When I finally accepted that I was unhappy and struggling to thrive, I didn’t just jump ship immediately. I believe sometimes life is hard, and we need to put on our helmets and keep going. So that’s what I did. I continued to work, and spent some serious time coming up with some career goals. Really hashing out where I wanted to go. I knew that I had to identify the non-trivial issues. If I couldn’t articulate why I felt I wasn’t going where I wanted to go, I really would be a whiney, entitled, malcontent of a millennial. So I had to ask myself, what do I want to strive for? In the end, my ambitions could be reduced to 2 main drives:
  1. To be a product leader/manager, and
  2. To build systems of software in a modern and powerful modern framework/language/environment
Product Management. I had a bit of a revelation: I could be the world’s best software developer, and still the code I developed could fail simply because I was not building the right thing. This bothers me. I like understanding things, knowing what to do next, and why. These are the essence of product management. Fundamentally it’s all about knowing choosing what to build and why. I am very grateful to my former employer (the merchant ship, from which I jumped). They worked with me to try and find a place where I could really dig into this profession and stay aboard the ship, but in the end it didn’t work out. So I decided to jump ship, become a pirate, so as to learn by doing.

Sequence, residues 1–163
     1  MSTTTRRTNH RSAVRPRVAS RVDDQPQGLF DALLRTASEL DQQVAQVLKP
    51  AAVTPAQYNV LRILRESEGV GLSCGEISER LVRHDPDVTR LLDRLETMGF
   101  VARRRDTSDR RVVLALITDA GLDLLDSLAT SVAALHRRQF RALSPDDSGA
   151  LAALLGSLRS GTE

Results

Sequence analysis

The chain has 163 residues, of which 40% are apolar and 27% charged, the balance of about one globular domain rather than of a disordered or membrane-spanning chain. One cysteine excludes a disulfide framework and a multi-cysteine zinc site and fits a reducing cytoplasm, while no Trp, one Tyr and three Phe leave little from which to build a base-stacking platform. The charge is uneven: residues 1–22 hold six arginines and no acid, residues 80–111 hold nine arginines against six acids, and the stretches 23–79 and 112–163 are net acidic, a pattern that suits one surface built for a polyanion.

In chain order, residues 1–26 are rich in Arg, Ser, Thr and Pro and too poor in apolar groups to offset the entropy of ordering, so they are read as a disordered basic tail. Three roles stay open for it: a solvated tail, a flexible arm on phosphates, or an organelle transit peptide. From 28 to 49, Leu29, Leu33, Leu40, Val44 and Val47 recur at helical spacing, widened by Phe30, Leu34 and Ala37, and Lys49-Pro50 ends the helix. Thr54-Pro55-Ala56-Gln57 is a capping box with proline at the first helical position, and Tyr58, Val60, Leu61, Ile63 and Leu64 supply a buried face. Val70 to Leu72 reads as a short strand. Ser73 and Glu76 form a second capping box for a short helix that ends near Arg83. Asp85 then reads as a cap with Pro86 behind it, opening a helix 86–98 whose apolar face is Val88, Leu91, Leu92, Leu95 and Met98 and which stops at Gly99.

Modern & Powerful, Languages & Frameworks. One thing technology is consistently really good at doing, is changing. The software world, in particular, is full of people smarter than me who create things that allow me to build and do more with less. It really never ceases to amaze me, and as a software professional, I feel it is crucial for me to be versed in, well what are essentially improvements to the way the industry does things. Without the ability to navigate these components, I fear I will be marooned on a “career” island. I am a pirate, not merely some X developer, or the guy chasing the next level of a management certification. It is important for me to be working with and in these technologies. I by no means need to be on bleeding edge, nor get caught up in fads, but neither do I want to be so far back, that all of my work is consumed by upgrading to new versions of languages because the security flaws in the old versions have finally gotten so bad, browsers, phones, servers, etc. no longer support them.
On Modus Operandi (How I Choose To Conduct Business)
I don’t like sales. It is certainly a necessary part of business, but I never want to sell you something that I don’t actually think will benefit you (or your business). I only want to make money from you, if I can help you succeed. I find the best way to do this is to start with a conversation. If I am convinced you know what you need, I’ll build what you ask happily. If not, I may suggest that we work together to gain a greater understanding of the problems and elicit some stronger requirements. If I don’t think I can actually help, I will turn you down (or hopefully point you to someone I think can actually help).